advocate, comforter, helper

The Greek that is translated as “comforter,” “advocate,” or “helper” in English is similarly difficult to translate in other languages.

Nida (1952, p. 164) notes:

“Perhaps no word in all the New Testament is so hard to translate adequately as the word ‘Comforter.’ The Greek word, generally transliterated as Paraclete, is exceedingly rich in its wealth of meaning, for it implies not only “to comfort” but also “to admonish,” “to exhort,” “to encourage,” and “to help.” To put all these meanings into one native expression is indeed difficult, and yet the missionary translator must try to find a term or phrase which will give the people an adequate picture of the unique ministry of the Holy Spirit.

“In the Tausug language of southern Philippines the people use the phrase ‘the one who goes alongside continuously.’ In this sense He is the constant companion of the believer. In Eastern Highland Otomi of central Mexico the native believers have suggested the phrase “He who gives warmth in our soul.’ One can readily see the picture of the chilled heart and life seeking comfort in the Living Word and finding in the ministry of the Spirit of God that warmth which the soul so needs if it has to live in the freezing atmosphere of sin and worldly cares.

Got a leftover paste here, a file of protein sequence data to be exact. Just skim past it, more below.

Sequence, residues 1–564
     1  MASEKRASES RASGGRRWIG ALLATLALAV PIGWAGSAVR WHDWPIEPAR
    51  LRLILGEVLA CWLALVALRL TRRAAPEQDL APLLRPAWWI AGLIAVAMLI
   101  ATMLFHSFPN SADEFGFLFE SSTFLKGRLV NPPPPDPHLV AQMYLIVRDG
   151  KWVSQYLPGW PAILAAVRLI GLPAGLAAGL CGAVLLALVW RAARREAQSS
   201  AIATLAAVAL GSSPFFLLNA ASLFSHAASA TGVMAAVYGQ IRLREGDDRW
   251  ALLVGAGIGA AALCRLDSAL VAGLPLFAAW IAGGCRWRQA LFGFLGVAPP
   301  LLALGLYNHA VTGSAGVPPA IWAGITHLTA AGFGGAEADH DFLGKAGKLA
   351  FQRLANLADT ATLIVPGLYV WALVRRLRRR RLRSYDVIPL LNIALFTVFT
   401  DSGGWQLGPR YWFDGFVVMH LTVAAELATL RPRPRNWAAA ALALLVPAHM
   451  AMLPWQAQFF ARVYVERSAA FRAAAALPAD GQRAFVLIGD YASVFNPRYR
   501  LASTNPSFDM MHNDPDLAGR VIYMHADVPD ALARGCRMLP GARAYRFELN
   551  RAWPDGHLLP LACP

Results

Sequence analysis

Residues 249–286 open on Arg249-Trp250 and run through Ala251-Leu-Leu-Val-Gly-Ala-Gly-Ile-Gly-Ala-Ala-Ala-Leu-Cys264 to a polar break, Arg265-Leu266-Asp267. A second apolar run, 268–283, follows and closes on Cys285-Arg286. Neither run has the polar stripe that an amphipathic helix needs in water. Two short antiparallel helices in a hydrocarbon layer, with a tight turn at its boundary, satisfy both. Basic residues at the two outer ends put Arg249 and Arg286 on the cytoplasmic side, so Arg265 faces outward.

“The Baoulé Christians speak of the Comforter as ‘He who ties up the thoughts.’ The thoughts of the worried heart are scattered every place in senseless and tormenting disorder. The Comforter ties up these distracted thoughts, and though they still exist, they are under the control of the Spirit.”

In Luba-Katanga the legal aspect of Paraclete is particularly emphasized with the term Nsenga Mukwashi, a term that’s also used in the traditional legal system, referring to a person who in court proceedings “interests himself in the people and stands by them in trouble, in other words to plead their cause and be their advocate.” (Source: Wilfred Bradnock in The Bible Translator 1953, p. 49ff. )